The Labor Department filed suit on behalf of employees at the Alabama facility eight years ago, accusing Tyson of violating the federal Fair Labor Standards Act.  A separate deal reached earlier this year applies similar rules to Pilgrim’s Pride, the nation’s second-largest poultry producer.  Brandon Hollingsworth, FSRN, Tuscaloosa.

New labor numbers show growth, even if temporary
Today the Labor Department released job numbers showing the unemployment rate fell by 2-tenths in May to 9.7%.  But the good news was tempered by the fact that a majority of those new positions – more than 400-thousand – were temporary federal census jobs.  Without that addition, job rates remained relatively stable.  But even without those census positions, the US economy has added jobs six of the past seven months.



Israeli military attacks protesters in West Bank
Another aid ship heading for Gaza is nearing the blockade. Activists with the Free Gaza Movement said the ship Rachel Corrie is filled with construction materials, school supplies, and medical equipment and could arrive by Saturday morning. Those on board said they would not resist if Israeli forces boarded the ship. The group said in a statement that Israel’s Ministry of Health has informed them that 54 of the passengers from the Flotilla that was attacked have been admitted to Israeli hospitals and some were undergoing surgery. Three Israeli soldiers are also hospitalized.

To get more details of the attack, we’ll speak in a moment to a former US Ambassador who was on board one of the ships, but first we go to the West Bank, where this week, anti-wall protesters demonstrated in solidarity with the victims and survivors of the aid convoy. As FSRN’s Ghassan Bannoura reports, these protests turned violent when demonstrators were attacked by Israeli military.


Former US Ambassador describes raid on Gaza flotilla
We now turn to former US Ambassador Edward Peck. He’s the former chief of mission in Iraq and served as deputy director of the White House Task Force on Terrorism in the Reagan administration. Peck was on board one of the ships in the Gaza convoy that was attacked by Israeli forces.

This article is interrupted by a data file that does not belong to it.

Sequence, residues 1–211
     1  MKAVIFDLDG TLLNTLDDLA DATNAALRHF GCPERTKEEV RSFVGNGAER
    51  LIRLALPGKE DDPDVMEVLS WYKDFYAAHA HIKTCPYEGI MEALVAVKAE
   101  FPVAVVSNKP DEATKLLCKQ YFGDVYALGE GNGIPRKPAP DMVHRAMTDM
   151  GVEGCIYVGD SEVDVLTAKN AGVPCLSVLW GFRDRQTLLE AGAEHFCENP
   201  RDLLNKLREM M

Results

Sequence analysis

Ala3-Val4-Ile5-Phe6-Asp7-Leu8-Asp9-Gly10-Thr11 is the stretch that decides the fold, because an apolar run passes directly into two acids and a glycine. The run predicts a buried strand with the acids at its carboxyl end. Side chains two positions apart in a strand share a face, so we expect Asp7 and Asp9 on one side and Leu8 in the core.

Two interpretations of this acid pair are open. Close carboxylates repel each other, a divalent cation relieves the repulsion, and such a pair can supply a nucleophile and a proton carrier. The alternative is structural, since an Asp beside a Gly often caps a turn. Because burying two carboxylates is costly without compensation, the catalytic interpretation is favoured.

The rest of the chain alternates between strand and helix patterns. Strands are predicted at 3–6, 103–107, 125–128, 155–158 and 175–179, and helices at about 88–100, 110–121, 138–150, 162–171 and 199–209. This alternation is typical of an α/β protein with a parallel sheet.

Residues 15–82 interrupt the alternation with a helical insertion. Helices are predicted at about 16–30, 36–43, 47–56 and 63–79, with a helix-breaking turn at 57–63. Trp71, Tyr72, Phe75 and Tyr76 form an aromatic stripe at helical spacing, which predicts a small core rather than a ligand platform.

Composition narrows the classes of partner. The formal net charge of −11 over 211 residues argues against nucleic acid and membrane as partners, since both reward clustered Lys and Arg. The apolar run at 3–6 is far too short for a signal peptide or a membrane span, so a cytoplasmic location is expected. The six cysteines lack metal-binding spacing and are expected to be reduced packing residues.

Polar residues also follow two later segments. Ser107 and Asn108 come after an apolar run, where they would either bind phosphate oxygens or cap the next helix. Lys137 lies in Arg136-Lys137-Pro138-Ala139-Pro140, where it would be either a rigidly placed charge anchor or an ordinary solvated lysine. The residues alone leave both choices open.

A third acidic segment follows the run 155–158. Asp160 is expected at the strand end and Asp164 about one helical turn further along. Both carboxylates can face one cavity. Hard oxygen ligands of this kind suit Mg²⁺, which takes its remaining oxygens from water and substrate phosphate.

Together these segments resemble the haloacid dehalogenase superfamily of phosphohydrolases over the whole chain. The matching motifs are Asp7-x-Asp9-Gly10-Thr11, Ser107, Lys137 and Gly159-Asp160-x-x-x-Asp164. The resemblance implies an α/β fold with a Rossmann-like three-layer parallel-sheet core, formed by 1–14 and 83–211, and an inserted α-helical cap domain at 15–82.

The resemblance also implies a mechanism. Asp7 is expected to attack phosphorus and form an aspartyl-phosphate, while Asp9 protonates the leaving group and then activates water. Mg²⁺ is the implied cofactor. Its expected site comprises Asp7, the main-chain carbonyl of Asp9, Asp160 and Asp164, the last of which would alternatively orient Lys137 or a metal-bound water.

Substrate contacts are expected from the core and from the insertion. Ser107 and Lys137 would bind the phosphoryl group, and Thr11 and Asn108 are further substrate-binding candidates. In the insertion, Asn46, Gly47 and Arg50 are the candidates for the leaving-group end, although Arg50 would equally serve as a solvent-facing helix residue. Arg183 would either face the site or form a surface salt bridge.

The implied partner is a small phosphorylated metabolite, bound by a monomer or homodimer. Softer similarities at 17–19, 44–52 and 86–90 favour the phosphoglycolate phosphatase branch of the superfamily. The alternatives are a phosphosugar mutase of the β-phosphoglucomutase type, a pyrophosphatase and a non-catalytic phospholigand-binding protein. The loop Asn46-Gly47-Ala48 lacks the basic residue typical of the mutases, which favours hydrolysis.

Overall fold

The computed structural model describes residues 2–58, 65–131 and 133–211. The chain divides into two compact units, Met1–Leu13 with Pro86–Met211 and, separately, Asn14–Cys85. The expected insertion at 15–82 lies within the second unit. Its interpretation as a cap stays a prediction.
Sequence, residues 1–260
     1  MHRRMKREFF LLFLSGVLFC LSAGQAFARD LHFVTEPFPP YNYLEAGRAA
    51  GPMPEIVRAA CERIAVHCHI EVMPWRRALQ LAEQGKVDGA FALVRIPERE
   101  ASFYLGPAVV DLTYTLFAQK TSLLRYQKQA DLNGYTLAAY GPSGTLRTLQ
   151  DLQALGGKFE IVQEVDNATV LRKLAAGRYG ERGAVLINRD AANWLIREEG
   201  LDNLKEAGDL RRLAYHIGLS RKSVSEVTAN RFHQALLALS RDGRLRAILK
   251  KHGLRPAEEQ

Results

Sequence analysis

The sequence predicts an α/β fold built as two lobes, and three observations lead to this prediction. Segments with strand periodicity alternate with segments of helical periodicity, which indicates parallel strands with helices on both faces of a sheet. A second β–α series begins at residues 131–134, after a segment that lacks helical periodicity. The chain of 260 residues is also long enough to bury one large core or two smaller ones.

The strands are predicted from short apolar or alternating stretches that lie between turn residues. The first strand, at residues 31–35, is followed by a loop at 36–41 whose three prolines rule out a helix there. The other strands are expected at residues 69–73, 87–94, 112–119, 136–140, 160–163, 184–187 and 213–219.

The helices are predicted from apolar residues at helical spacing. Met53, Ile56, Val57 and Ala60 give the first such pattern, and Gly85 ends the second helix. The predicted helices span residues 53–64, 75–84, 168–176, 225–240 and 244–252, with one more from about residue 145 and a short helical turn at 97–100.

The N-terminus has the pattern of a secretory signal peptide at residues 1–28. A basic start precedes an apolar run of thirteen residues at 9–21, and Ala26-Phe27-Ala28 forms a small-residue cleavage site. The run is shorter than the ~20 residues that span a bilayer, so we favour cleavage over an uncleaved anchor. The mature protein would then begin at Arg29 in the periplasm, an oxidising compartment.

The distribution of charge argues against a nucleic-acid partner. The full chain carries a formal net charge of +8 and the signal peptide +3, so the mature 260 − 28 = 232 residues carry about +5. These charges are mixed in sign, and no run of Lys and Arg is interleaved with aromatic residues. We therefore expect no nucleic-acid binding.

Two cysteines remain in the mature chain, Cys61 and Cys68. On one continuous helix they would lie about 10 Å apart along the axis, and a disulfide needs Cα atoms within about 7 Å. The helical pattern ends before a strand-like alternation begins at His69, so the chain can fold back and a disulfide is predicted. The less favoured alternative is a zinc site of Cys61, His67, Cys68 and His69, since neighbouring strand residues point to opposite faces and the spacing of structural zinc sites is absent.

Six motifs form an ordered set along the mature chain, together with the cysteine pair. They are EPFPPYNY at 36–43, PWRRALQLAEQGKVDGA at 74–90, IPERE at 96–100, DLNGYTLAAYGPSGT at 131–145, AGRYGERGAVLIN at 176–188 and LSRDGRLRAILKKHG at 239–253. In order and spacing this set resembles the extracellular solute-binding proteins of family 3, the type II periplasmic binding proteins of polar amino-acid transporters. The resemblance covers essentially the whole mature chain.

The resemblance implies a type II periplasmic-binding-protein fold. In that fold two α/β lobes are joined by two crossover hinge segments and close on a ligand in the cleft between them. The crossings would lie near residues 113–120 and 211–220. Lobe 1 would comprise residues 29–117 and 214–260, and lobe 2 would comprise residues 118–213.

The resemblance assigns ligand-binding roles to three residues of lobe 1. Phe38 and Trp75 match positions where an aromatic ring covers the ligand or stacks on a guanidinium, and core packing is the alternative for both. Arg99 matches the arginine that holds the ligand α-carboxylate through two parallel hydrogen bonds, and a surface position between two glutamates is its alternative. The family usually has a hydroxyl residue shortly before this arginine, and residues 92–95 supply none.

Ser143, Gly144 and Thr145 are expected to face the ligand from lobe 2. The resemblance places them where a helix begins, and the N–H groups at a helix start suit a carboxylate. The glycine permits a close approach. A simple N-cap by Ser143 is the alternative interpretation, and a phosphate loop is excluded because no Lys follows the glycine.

Activists call for criminal charges against BP executives; Obama visits Gulf region
BP officials say they have placed a containment cap on top of the damaged well in the Gulf of Mexico and some oil and gas is being diverted to a ship up on the surface, but how much is still not clear. Meanwhile, President Obama is in the region for his third visit since the disaster began and activists are increasing calls for criminal charges against BP executives. FSRN’S Tanya Snyder has more.


Peace Jirga ends in Afghanistan with mixed results for future
The three-day long Peace Jirga ended today in Kabul, Afghanistan with President Hamid Karzai extending the olive branch to the Taliban. The move could lead to talks with the group. But some participants said Afghanistan’s problems will require more sustained attention. Asma Nemati has more from Kabul.


US-backed torture and assassination program focus of trial in Argentina
A human rights trial in Argentina is looking into a US-backed program that engaged in torture, assassination and disappearance. The program, called Plan Condor, was a shared strategy in Latin America’s Southern Region during the 1970s and 80s and had Washington involvement. The current trial focuses on one Buenos Aires location that served as a detention center. FSRN’s Marie Trigona reports.